The Virginia House of Delegates voted 80–19 today to approve HB1617, a bill that would invite any religious or political university student group to discriminate as they please and still require the campus to providing them funding and access to campus facilities. This would make LGBT students particularly vulnerable to discrimination because universities’ protections for sexual orientation are not enforceable under Virginia law. Under this bill, though, even a KKK chapter could hypothetically form, use campus resources, and openly discriminate against non-white and non-Christian students on campus.
Here’s the text of the bill:
To the extent allowed by state and federal law:
1. A religious or political student organization may determine that ordering the organization’s internal affairs, selecting the organization’s leaders and members, defining the organization’s doctrines, and resolving the organization’s disputes are in furtherance of the organization’s religious or political mission and that only persons committed to that mission should conduct such activities; and
2. No public institution of higher education that has granted recognition of and access to any student organization or group shall discriminate against any such student organization or group that exercises its rights pursuant to subdivision 1.
On most college campuses, student organizations must maintain a constitution that conforms to the university’s procedures, including its nondiscrimination policies. For example, James Madison University requires that all organizations obey the “policies, rules, regulations, and standards of the university,” such as its nondiscrimination policy, which includes sexual orientation. The College of William & Mary offers similar protections and requires student groups be open to all students.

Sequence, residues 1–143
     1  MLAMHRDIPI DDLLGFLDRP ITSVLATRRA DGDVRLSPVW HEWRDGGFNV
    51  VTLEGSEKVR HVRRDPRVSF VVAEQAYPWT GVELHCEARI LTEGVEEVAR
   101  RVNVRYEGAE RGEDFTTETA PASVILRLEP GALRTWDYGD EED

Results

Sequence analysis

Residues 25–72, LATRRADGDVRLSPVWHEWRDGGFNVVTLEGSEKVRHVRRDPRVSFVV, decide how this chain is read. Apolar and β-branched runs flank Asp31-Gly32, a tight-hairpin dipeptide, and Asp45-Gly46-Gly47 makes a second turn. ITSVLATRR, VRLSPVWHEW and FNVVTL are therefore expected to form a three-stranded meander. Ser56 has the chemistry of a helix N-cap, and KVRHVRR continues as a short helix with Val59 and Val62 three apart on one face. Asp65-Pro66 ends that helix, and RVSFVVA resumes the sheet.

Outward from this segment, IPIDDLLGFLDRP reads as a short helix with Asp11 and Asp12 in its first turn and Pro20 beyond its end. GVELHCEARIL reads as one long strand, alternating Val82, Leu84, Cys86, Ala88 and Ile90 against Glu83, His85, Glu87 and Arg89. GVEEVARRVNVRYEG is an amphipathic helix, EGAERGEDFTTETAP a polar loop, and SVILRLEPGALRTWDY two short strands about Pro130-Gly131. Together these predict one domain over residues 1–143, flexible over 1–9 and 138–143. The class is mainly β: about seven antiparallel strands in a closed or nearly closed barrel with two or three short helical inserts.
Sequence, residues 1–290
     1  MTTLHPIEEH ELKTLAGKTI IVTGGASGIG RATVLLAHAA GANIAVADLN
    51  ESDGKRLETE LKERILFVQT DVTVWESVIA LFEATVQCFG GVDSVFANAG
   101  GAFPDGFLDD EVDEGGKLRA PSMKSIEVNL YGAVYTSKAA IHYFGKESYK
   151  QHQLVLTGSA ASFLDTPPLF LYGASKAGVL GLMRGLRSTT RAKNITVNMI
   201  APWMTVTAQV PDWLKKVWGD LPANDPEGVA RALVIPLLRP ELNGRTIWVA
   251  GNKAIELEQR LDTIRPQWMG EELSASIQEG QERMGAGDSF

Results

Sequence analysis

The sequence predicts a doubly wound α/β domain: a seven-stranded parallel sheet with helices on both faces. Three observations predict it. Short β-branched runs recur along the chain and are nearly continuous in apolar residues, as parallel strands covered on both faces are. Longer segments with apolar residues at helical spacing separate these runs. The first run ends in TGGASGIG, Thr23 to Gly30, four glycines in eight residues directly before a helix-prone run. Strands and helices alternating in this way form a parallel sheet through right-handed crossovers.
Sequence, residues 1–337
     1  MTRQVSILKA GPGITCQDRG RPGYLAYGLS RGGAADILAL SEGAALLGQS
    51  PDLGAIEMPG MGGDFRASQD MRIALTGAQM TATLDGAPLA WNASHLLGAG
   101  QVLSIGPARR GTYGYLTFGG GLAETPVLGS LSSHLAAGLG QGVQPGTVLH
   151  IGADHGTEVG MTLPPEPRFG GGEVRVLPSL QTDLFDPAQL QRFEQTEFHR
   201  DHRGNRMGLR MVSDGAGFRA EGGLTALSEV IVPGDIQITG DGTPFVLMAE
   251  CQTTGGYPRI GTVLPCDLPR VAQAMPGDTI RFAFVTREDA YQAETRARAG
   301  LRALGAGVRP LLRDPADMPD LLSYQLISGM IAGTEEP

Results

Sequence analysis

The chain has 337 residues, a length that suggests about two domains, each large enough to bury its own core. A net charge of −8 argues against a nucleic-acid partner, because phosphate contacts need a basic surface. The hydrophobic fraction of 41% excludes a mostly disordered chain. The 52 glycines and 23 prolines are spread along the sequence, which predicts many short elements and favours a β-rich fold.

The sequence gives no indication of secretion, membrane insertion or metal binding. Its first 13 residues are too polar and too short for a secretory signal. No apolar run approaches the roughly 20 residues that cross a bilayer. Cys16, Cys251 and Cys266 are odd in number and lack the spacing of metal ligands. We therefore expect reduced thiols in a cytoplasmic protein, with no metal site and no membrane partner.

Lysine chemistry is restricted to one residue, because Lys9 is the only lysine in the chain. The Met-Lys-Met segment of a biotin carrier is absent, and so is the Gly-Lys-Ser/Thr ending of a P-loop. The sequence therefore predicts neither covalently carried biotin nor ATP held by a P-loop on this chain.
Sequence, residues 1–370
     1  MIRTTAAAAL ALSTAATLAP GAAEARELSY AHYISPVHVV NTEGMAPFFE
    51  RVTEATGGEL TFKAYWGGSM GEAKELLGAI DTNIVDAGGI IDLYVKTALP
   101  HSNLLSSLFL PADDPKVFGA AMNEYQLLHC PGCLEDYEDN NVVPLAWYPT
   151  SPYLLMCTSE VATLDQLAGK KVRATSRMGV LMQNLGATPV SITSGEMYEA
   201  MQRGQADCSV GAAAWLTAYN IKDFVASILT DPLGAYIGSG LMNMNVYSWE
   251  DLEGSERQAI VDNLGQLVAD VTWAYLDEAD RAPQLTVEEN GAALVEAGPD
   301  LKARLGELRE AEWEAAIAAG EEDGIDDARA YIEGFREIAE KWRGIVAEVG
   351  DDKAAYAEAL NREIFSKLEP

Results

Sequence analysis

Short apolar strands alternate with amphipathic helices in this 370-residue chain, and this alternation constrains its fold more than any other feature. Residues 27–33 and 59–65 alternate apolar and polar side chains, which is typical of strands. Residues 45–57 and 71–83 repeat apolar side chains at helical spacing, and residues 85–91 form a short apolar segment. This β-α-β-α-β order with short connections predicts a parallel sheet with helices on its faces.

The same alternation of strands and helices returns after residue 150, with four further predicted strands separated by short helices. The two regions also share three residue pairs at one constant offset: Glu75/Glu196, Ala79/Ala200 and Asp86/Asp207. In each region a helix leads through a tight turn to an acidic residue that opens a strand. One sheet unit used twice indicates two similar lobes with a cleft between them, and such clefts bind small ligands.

Such policies are key because student organizations receive funding and use campus resources (like meeting spaces) that are funded by fees that all students pay; thus, all students deserve equal access to those campus clubs. Nondiscrimination policies have become a source of contention for conservative Christian student groups, like at Tennessee’s Vanderbilt University and New York’s University of Buffalo, who wish to exclude gay students from membership. In the 2010 case Christian Legal Society v. Martinez, the U.S. Supreme Court narrowly answered this question in favor of nondiscrimination policies, ruling that “all-comers” policies are viewpoint neutral, and thus are no more unfair to Christian groups than any other student groups.
Conservatives have argued, however that nondiscrimination policies allow for “hostile takeovers” — in which students with opposing views infiltrate and assume power in the organization — but there’s no evidence to suggest that this is plausible, let alone that it ever happened. Members of an organization are still allowed to vote for their group’s leaders, even with discriminatory intent, if all students remain eligible. Any student group that can’t persist on its own merits probably doesn’t warrant use of student fees in the first place.
All 19 votes against the bill were cast by Democrats. It now advances to the Senate for committee consideration.